Readers’ Revenge: Your Most Shameful Lie
It’s time for Readers’ Revenge, the weekly feature in which we turn Grantland over to YOU, the unpredictable reader. This week’s topic was Your Most Shameful Lie. I’m not sure what I was expecting when I put this one out to the general population, but the result might make you quit reading Grantland forever to avoid sullying your good name by association. Just know that Grantland and I are neutral observers, and we don’t endorse or condone anything that happens in these stories. I do laugh, though. I laugh and laugh and laugh, and then I take a long hard look at myself, and then I laugh again. But this time more quietly.
Below are the top e-mails, plus a new feature, and you can check out past installments in the box below. The topic for next week will be Your Worst Moment in a Foreign Country. Define “worst” however you see fit — most horrible, most shameful, etc. Send your very best to email@example.com by Sunday for a chance to make the cut. Stories can involve you or someone you know, and anonymity is allowed. Those with a high degree of hilarity and humiliation always do well. Enjoy!
We begin with The Seth From Conway Special! For those of you who don’t know, Seth is a frequent contributor to Readers’ Revenge, and has, by far, the most stories throughout the series. He’s a bit of a legend around here, and it’s gotten to the point that he deserves his own special section. He’s not quite Hall of Fame, but he’s well on the way. Take it, Seth:
At the time of this lie, my grandmother was an 87-year-old widow who lived alone. Granny was old and somewhat senile but held her own for the most part as she was able to take care of herself, still legally drive a car and took walks regularly. One time, she asked me if I would go with her to some type of annual mountain man heritage festival. This was taking place in a town several hours away from where I lived and would no doubt be an all-day trip. I was not at all interested and had turned down this type of request from her several times in the past. However, she asked me in front of my mother and I felt a little guilty, so I reluctantly accepted.
My Granny and I actually had a pretty close relationship, as she would call me two to three times every week just to talk. Since she didn’t know anything really about my personal life, we would mostly discuss general topics like the local news, the weather, etc. When the Saturday of the festival rolled around I woke up extremely hungover after celebrating a friend’s 18th birthday the night before. With my vision still a little blurry and legs uneasy, I was in no condition to go on an all-day trip hundreds of miles away. I called Granny and used the excuse that I had begun helping as an assistant coach for a local pee-wee football team and that I forgot we had our first practice today. Like always, she pretended it was no big deal and let me off the hook rather easily.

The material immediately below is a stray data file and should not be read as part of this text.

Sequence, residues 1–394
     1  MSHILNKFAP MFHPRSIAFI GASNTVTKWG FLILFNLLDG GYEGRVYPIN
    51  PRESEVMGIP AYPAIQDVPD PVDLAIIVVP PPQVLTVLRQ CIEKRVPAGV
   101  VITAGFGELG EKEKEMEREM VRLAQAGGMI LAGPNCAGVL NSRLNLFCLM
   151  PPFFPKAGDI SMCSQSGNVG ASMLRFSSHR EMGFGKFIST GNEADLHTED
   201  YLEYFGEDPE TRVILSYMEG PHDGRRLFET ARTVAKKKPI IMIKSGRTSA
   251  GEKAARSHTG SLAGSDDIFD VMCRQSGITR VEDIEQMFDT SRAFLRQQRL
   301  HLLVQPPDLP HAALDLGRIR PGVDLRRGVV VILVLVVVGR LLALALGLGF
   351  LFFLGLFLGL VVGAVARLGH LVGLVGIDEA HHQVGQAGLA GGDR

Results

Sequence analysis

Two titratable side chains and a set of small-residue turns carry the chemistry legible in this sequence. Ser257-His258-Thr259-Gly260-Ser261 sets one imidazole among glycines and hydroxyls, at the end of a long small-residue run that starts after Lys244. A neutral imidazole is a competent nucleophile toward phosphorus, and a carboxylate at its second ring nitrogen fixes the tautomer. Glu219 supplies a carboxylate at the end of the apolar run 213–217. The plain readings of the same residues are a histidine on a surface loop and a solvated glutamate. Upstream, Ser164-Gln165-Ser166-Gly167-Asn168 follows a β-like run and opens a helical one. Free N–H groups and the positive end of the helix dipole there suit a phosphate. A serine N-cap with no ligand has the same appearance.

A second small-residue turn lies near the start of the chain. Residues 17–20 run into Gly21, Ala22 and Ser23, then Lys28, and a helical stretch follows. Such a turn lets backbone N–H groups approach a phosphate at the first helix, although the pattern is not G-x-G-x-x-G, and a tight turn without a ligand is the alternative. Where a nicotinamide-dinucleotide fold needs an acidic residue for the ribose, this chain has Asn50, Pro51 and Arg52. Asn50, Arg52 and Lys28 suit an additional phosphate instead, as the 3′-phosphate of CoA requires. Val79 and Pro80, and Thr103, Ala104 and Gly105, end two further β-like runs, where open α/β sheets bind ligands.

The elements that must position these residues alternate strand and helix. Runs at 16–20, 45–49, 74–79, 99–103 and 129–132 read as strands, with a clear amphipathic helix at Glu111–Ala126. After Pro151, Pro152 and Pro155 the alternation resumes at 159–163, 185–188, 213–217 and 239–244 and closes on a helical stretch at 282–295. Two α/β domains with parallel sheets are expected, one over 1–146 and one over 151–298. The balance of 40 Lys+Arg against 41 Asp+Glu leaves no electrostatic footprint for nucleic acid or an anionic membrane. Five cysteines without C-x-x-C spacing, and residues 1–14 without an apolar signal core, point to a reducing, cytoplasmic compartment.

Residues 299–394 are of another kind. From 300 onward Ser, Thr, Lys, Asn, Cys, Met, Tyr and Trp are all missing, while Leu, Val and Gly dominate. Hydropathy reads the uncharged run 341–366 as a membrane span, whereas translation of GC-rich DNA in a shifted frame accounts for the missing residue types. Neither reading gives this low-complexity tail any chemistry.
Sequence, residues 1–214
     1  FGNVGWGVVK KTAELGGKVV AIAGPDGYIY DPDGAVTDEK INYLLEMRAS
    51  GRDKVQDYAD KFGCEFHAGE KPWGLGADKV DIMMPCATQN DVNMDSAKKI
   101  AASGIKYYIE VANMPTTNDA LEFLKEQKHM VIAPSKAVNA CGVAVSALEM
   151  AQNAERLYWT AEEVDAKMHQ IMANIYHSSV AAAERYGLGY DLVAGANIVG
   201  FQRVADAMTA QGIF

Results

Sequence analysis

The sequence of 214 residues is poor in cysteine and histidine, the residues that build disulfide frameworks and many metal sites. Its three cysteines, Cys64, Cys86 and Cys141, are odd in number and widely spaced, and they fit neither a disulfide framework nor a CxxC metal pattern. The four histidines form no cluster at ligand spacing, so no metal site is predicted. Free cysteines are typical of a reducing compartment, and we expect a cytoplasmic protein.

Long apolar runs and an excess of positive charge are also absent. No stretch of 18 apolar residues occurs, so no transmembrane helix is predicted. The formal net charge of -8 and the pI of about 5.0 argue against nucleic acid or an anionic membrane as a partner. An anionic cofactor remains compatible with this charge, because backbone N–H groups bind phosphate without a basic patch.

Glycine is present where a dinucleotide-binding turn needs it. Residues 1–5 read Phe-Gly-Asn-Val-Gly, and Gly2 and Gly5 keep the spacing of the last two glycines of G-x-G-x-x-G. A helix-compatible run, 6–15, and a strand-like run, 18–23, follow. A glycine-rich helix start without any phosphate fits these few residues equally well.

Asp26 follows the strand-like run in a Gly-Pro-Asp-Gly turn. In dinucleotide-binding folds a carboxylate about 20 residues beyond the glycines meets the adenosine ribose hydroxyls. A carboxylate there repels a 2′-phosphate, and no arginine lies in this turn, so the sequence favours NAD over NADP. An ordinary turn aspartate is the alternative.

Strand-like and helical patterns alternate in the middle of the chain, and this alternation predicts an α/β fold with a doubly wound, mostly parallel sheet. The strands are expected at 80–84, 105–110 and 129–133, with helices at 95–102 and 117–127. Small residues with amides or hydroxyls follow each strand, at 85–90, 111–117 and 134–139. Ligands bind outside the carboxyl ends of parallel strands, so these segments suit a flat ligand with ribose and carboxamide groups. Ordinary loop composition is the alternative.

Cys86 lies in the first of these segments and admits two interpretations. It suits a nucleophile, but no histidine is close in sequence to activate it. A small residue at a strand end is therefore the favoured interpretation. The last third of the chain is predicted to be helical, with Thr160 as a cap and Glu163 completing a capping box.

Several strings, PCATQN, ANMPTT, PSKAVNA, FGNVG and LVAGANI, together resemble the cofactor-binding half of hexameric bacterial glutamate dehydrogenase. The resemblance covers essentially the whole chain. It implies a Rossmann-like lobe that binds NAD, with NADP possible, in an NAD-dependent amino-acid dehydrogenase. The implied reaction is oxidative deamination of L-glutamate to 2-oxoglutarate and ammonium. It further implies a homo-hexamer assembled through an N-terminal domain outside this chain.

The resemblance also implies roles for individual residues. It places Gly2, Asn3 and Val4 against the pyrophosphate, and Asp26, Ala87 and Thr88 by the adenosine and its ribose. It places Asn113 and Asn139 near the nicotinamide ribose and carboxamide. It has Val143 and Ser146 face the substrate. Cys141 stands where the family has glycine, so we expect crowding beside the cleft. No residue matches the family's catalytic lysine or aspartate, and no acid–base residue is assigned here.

What I didn’t realize was that I had unintentionally given her a full case of ammunition to throw at me every time she called on the phone. While previously our talks would pertain to things such as my opinion on the new gazebo at the local park, she would now begin every conversation by continually ask me about the fictitious pee-wee team I was now coaching. She was not a big football fan but knew enough to ask me about things like if we threw the ball often or if we ran the “pitch play.” Also, she once asked about going to a game of ours but I told her it was out of town. I maintained the lie for more than four months and rehashed it multiple times when asked to go on other outings with her. I had to keep up with our fake record and even made up some kids’ names to make it all seem more realistic. I never told anyone and she died two years later.
—Seth, Conway, Arkansas
Ten years ago, I was dating a smart, cute, funny, low-maintenance, sexually insatiable Australian girl who was way out of my league. Naturally, I wasn’t satisfied with that and was secretly on a dating site looking to meet other women. Also naturally, she eventually found out and we had a big fight, which ended with me proclaiming myself dedicated to our relationship (I wasn’t) and swearing I would delete my profile that night (I had no such intention). The next day, she called me and said she was “disappointed but not surprised” that my profile was still on the website. I told her that I had, in fact, terminated my membership, but I’d instructed them to leave my profile up for another 24 hours so I could see if she trusted me to do what I’d promised — I’d “tested” her and she had failed miserably, and now I felt terribly hurt and betrayed. She paused for a moment, then said she was sorry.
I replied, “That wasn’t much of an apology,” and demanded another, better one. She apologized again and the conversation ended soon after that. As I put the phone down, I felt lower and more ashamed of myself than I ever have. Until about 10 minutes later, when she called me back — she was sitting in her car in the parking lot at work, bawling, and started telling me how sorry she was for not trusting me, how disgusted she was with herself for not taking my word, and how I deserved better than that and she hoped I could forgive her. That was too much for me and I came clean. Not surprisingly, that was the end of the relationship. Also not surprisingly, she’s now happily married and I haven’t met anybody since then who even compares to her.